What music from your country do you think every foreigner should listen to at least once?

I’d love it if each song would come with a story.


Answer by Raakhee Venugopal:

I am from Kerala, a state in the southern part of India.

I am a big fan of our traditional percussion music that is conventionally played at the annual festivals held at most Hindu temple in the state. It is called chenda-melam or simply melam.

To quote Wikipedia,

Chenda is a cylindrical percussion instrument used widely in the state of Kerala, Tulu Nadu of Karnataka and Tamil Nadu in India. Chenda is an unavoidable musical instrument in all form of cultural activities in Kerala.

The making of a chenda and the way it is instructed to students is still done in the traditional way…the way it has been done since centuries. If interested, you can read all about it here → Chenda

A “Chenda Melam” means percussion using Chenda. Of the seven types of melams, my favorites are the thayambaka, panchavadyam, and panchaari melam. The feverish fervor with which onlookers enjoy the melam is one that has to be seen to be believed.

To quote Wikipedia,

Thayambaka is a type of solo chenda performance that developed in Kerala, in which the main player at the centre improvises rhythmically on the beats of half-a-dozen or a few more chenda and ilathalam players around.

You can read more about it here → Thayambaka. This is a thayambaka performance by one of it’s maestros, Padma Sree Mattannoor Sankaran Kutty Marar.

To quote Wikipedia,

Panchavadyam, literally meaning an orchestra of five instruments, is basically a temple art form that has evolved in Kerala. Of the five instruments, four — timila, maddalam, ilathalam and idakka — belong to the percussion category, while the fifth, kombu, is a wind instrument.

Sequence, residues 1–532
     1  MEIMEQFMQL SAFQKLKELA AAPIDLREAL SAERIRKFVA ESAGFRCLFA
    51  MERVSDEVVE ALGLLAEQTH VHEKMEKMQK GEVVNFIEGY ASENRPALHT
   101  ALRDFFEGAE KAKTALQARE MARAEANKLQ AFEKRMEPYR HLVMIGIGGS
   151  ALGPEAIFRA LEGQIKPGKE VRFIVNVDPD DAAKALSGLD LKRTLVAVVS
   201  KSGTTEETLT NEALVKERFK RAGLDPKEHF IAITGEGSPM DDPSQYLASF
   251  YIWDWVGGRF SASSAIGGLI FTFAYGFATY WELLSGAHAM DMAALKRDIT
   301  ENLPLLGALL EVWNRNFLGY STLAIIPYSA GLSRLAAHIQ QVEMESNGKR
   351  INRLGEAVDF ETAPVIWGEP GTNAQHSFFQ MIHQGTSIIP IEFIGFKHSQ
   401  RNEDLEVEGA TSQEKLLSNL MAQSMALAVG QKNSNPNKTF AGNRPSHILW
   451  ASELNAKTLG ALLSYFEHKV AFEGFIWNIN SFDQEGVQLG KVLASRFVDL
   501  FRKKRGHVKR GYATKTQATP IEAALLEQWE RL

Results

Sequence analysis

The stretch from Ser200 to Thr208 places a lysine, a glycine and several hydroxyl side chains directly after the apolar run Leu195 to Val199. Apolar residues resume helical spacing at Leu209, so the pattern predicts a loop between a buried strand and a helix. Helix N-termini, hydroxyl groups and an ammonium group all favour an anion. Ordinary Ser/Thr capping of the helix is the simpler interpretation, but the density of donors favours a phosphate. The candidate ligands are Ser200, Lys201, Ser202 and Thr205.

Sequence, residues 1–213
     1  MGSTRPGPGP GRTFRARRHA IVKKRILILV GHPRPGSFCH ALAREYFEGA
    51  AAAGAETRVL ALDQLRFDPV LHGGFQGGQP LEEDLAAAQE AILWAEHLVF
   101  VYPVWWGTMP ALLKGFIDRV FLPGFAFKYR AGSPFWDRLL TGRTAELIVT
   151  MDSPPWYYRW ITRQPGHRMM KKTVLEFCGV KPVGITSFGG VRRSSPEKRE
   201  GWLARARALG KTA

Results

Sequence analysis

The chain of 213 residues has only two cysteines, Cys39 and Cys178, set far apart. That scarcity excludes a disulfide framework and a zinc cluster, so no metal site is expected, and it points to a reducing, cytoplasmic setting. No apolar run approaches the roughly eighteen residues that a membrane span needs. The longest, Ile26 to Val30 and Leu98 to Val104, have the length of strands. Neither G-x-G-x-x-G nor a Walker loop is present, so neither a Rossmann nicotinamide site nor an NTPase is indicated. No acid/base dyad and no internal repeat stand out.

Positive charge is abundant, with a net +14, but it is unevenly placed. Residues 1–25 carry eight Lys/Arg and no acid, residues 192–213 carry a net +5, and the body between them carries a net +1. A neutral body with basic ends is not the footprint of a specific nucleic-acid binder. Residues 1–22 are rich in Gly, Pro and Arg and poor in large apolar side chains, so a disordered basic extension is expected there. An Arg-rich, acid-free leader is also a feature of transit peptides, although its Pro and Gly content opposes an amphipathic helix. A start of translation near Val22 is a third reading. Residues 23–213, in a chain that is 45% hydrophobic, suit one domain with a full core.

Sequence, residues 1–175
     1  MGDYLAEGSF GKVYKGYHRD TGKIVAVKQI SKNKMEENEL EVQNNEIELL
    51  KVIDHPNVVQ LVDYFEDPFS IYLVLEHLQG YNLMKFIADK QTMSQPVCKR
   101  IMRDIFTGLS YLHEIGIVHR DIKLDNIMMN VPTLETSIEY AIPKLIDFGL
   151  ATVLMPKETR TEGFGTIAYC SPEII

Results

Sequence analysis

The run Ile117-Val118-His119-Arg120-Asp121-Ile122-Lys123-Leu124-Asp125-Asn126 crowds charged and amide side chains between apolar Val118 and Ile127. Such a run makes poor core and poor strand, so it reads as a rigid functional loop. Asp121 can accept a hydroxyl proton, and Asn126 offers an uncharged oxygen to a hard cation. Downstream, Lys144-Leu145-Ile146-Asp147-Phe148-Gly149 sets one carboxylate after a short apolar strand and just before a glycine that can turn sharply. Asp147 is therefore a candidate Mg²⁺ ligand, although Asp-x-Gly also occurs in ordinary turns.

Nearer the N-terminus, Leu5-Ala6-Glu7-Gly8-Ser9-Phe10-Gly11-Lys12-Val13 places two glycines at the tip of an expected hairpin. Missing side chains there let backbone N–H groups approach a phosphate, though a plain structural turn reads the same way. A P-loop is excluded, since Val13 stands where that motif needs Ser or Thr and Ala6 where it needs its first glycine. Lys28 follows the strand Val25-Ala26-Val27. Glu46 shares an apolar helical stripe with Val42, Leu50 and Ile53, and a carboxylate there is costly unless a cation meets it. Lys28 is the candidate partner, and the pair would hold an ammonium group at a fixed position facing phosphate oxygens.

Much like any chenda melam, panchavadyam is characterised by a pyramid-like rhythmic structure with a constantly increasing tempo coupled with a proportional decrease in the number of beats in cycles. However, in contrast to a chenda melam, panchavadyam uses different instruments (though ilathalam and kompu are common to both), is not related very closely to any temple ritual and, most importantly, permits a lot of personal improvisation while filling up the rhythmic beats on the timila, maddalam and idakka.

You can read more about it here → Panchavadyam. This is a part of a panchavadyam performance. The whole set can last to well over an hour.

To quote Wikipedia,

Panchari Melam is a percussion ensemble, performed during temple festivals in Kerala. Panchari Melam (or, simply, panchari), is one of the major forms of chenda melam (ethnic drum ensemble), and is the best-known and most popular kshetram vadyam (temple percussion) genre. Panchari melam, comprising instruments like chenda, ilathalam, kombu and kuzhal, is performed during virtually every temple festival in central Kerala, where it is arguably presented in the most classical manner.

You can read more about it here → Panchari melam. This is a panchari melam performance led by one of it’s maestros, Peruvanam Kuttan Marar at Tripunithura Sree Poornathrayeesa Temple’s annual Vrischikolsavam festival.

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